Showing posts from December, 2010
From Frank Pasquale at Balkinization , "Why should a country that can't even raise taxes on its richest citizens think it can keep its communications secure? Where's the commitment of resources?" and this incisive statement: "Neoliberal policy that always prioritizes freedom over security, liberty over equality, invites the kind of social disintegration of which Wikileaks is a symptom. The Wikileaks cables reveal the ugly bargains needed to sustain a global dream of "spontaneous order" generated by markets. Now a state that has promoted out-of-control information flows finds itself undermined by their reckless uses, and ever less capable of combatting the problem because of the unconstrained capital flows it has also championed. Both the process and the substance of the Wikileaks affair can be embedded in a larger tragic narrative of the unintended consequences of the neoliberal project for its chief exponent."
Can Julian Assange be extradited to the US, assuming he is caught? Roger Alford takes a look and thinks it will be tricky. I personally think it will be a really interesting case when the political offense exception gets invoked. This is something I wrote about fairly extensively in my book. It seems to me that Assange'as acts are going to trigger a discussion about whether they can be seen as "purely political" offenses or simply political offenses compounded by other crimes. The final decision makes an enormous difference. This (un)helpfully, but more interestingly, in turn produces a series of political decisions masquerading at times as judicial decisions. This should be fascinating to watch, in other words. (The fact that Assange is claiming to be prepared to release some really juicy stuff (or a "poison pill" ) if he gets pinched is additionally intriguing) I do wonder why Assange chose to got to England to hide rather than, say a country tha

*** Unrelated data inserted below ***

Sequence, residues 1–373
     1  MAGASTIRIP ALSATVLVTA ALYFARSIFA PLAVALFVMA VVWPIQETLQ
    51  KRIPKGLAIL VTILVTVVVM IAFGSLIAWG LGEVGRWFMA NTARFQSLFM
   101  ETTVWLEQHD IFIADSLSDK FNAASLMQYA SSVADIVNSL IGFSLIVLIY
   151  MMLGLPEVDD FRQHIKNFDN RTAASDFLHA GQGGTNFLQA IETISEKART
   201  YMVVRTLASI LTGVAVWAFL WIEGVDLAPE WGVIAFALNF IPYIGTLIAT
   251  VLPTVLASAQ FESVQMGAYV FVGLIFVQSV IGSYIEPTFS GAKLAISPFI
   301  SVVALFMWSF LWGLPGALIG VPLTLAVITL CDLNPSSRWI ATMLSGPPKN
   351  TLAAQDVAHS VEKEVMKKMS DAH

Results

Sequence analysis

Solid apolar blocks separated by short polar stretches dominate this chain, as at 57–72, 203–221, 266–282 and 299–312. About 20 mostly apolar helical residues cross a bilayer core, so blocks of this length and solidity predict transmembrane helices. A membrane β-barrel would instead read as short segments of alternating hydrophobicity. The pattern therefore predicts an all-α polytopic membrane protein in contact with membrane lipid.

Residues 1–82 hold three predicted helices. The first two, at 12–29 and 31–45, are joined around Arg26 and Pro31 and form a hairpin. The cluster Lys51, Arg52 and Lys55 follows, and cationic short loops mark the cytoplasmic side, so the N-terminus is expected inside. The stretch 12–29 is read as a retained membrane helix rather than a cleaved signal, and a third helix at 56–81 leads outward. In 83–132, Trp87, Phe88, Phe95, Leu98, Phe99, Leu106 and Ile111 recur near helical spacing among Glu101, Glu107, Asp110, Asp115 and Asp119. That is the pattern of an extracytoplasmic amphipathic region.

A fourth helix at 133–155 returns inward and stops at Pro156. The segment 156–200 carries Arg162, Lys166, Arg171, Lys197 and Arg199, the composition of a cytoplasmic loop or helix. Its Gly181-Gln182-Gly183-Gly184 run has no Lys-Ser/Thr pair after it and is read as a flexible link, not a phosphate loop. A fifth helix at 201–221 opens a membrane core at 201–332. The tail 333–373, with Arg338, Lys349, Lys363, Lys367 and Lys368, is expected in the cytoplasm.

Lloyd Gardner has some worthwhile thoughts on the Wikileaks from a historians point of view. Reading Other People's Mail with Wikileaks Some of the most cutting perspective on the U.S. response to Wikileaks that I've seen comes from Glenn Greenwald in his typically and relentlessly oceanic style. It is worth just going to read his page in full, but a couple of examples: I like his comparison of Joseph Lieberman's campaign and the campaign in China to prevent any access to the documents: "That Joe Lieberman is abusing his position as Homeland Security Chairman to thuggishly dictate to private companies which websites they should and should not host -- and, more important, what you can and cannot read on the Internet -- is one of the most pernicious acts by a U.S. Senator in quite some time. Josh Marshall wrote yesterday: "When I'd heard that Amazon had agreed to host Wikileaks I was frankly surprised given all the fish a big corporation like Amazon has
Sometimes it is nice when contemporary issues make classrooms discussions suddenly and intensely relevant. (True, it helps that this semester I'm teaching classes on globalization, US empire, and Korea, which are ever-giving wells of contemporary focus). This week there is an embarrassment of riches from the sudden and quite bizarre emphasis on exceptionalism on the right (and critiqued from the middle ) and of course most of all with the State dept. cable leaks, as well as the net neutrality issue, North Korea, and on and on. Too bad the semester is ending (well, in this sense anyway). My upper level students have been excited about the diplomatic cables on Wikileaks, and any time students get excited about primary documents this is a good thing. The fact that my globalization and empire class just finished a couple of weeks on cyberlaw and international relations (including discussion of Goldsmith and Wu ) has made this whole affair even more timely (as has Eurore's an